Targeted Therapy

New NSCLC targeted therapy guidelines have been published. They are updates to the 2017 systemic therapy recommendations.

New NSCLC Targeted Therapy Guidelines Published

ASCO and Ontario Health (Cancer Care Ontario) have jointly published an update1 to the 2017 ASCO guideline2 regarding systemic therapy recommendations for stage IV non–small cell lung cancer (NSCLC) with driver alterations. New NSCLC Targeted Therapy Guidelines Co-Chair Nasser H. Hanna, MD, of the Indiana University Simon Comprehensive Cancer Center, said that this guideline represents the first document devoted to recommendations for systemic therapy in stage IV NSCLC with driver alterations. In addition, emerging clinical trial data and recent approvals of novel agents have made way for the updated guideline recommendations.

“The number of druggable targets has been increasing over the last several years, and the incorporation of targeted therapy in this population provides oncologists with more options for treatment,” Dr. Hanna said. “When to preferentially use a targeted drug instead of chemotherapy, immunotherapy, or chemoimmunotherapy has become an increasingly complex matter.”

“We have some well-established targeted drugs and other new targeted therapies that are emerging for a variety of genetic alterations and subtypes,” added Guideline Co-Chair Gregory Masters, MD, of the Helen F. Graham Cancer Center and Research Institute. “It has become increasingly complicated to manage patients in the era of molecular medicine, and this guideline helps provide a framework to offer the best and most up-to-date care for our patients.”

New and Updated Recommendations for NSCLC Targeted Therapy Guidelines

The key recommendations made in the update since the publication of the 2017 ASCO guideline discuss treatment options, such as dacomitinib for EGFR mutations, erlotinib plus ramucirumab for EGFR mutations, lorlatinib for patients with ALK fusions, pralsetinib and selpercatinib for patients with RET fusions, capmatinib for patients with MET exon 14 mutations, entrectinib for patients with ROS1 fusions or NTRK fusions, and larotrectinib for NTRK fusions.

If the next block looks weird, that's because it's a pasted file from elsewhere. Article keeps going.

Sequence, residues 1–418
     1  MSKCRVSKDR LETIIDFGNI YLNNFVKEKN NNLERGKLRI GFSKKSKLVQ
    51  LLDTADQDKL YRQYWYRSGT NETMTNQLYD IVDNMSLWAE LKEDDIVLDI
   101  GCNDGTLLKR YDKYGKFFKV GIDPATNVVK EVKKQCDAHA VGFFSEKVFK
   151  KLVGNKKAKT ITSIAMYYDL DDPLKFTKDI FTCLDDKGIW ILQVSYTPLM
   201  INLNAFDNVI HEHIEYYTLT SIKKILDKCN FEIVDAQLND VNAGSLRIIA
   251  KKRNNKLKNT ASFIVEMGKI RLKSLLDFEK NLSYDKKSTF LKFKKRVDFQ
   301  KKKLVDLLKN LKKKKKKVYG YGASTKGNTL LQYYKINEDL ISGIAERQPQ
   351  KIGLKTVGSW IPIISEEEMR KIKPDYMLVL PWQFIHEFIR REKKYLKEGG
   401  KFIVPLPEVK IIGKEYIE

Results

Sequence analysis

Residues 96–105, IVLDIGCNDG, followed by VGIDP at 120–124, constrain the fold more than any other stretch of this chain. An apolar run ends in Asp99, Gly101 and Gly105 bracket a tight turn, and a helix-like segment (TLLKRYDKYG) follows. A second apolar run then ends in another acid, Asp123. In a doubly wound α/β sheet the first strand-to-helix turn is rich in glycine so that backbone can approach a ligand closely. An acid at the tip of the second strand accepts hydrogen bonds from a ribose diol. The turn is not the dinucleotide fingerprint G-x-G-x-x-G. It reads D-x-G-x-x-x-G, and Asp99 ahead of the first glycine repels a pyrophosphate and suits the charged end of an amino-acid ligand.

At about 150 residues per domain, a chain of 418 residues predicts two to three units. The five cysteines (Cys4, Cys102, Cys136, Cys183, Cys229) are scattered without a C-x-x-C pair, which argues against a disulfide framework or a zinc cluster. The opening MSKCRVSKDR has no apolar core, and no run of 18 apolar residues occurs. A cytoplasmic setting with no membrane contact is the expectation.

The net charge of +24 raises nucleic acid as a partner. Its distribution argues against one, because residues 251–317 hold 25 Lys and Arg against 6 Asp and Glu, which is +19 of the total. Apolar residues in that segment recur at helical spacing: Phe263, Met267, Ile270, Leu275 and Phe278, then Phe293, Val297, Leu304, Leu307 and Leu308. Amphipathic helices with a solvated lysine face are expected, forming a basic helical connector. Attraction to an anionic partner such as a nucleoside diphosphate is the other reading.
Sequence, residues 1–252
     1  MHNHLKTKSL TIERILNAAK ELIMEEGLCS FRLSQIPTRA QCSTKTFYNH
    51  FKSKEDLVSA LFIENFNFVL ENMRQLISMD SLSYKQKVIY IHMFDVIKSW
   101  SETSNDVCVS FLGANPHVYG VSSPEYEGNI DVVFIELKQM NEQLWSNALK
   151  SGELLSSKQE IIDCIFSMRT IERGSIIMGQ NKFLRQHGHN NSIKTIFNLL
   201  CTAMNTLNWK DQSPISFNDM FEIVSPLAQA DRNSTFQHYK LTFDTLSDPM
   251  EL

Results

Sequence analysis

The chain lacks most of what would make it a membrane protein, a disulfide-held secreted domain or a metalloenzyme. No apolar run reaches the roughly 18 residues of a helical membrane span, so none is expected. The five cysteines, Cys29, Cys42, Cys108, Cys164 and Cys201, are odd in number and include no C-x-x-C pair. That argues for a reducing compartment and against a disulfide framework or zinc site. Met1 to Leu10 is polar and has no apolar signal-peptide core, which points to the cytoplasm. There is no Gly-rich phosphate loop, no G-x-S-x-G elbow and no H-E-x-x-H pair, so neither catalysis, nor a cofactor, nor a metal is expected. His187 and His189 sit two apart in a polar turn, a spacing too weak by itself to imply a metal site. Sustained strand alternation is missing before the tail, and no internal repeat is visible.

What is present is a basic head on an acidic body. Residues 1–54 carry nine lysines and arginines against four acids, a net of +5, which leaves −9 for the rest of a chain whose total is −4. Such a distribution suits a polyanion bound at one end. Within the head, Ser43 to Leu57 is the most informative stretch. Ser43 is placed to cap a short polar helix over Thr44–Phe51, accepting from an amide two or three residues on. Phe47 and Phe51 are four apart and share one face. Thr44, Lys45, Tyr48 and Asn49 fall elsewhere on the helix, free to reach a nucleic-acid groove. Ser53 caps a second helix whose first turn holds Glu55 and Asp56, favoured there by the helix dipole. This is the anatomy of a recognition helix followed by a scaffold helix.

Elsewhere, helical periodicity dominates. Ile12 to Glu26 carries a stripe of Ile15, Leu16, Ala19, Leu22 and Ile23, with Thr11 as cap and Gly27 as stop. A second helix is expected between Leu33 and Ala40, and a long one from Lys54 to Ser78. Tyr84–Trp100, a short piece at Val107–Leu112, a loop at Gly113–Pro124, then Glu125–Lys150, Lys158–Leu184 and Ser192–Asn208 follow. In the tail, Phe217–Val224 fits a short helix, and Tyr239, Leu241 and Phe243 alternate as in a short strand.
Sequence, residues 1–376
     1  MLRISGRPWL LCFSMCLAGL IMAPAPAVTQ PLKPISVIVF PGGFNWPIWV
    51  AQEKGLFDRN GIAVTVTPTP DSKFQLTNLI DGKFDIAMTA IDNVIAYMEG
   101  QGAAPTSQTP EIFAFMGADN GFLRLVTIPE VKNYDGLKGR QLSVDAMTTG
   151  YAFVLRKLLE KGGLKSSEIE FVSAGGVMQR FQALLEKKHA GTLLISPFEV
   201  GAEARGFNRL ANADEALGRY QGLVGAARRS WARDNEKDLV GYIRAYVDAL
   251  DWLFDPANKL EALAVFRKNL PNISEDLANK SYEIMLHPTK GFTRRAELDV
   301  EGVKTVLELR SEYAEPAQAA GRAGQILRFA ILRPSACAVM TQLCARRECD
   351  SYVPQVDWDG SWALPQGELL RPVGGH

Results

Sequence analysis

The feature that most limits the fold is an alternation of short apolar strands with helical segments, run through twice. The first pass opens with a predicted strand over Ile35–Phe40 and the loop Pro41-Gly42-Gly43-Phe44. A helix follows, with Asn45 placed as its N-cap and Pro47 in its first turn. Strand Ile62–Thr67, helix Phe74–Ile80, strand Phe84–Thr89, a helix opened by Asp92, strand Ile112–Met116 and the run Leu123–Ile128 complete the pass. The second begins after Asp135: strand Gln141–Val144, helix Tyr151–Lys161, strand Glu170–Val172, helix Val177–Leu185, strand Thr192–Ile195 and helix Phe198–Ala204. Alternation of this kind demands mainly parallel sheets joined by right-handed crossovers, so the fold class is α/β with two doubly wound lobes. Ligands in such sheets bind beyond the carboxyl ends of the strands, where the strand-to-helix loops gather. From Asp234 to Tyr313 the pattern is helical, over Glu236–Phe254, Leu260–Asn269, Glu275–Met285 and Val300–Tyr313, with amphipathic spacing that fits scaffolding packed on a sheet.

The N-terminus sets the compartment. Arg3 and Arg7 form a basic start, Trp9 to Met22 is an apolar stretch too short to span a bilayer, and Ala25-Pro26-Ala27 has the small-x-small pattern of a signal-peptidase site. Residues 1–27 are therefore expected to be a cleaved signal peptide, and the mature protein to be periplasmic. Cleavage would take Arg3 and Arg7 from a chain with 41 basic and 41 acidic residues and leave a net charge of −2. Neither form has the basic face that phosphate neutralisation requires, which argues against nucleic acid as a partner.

Specifically, the new update now recommends osimertinib monotherapy as a first-line approach for patients with EGFR mutations. In 2017, osimertinib was considered as a second-line therapy solely for patients with T790M mutations who received no benefit from a prior EGFR tyrosine kinase inhibitor. The new recommendation for osimertinib is partly based on data from the randomized FLAURA trial, which enrolled patients with sensitizing EGFR mutations. Treatment with osimertinib resulted in a longer progression-free survival benefit compared with standard first-line EGFR tyrosine kinase
inhibitor therapy.

The new guideline also includes an update on treatment for patients with tumors harboring ALK rearrangement. “We now recommend alectinib or brigatinib as standard first-line therapy based on new clinical trials,” Dr. Masters said. In addition, the update includes new sections on MET exon 14–skipping mutations, with corresponding recommendations for capmatinib or tepotinib in the first-line setting.

Also, the guideline now recommends selpercatinib as a standard treatment in the first-line setting of driver alterations in RET. This recommendation was supported by data from the phase II LOXO-292 trial, which involved patients with RET fusion who had prior platinum-based treatment. The progression-free survival was 17 months in patients with prior therapy, whereas it was not estimable in patients who had no prior therapy.

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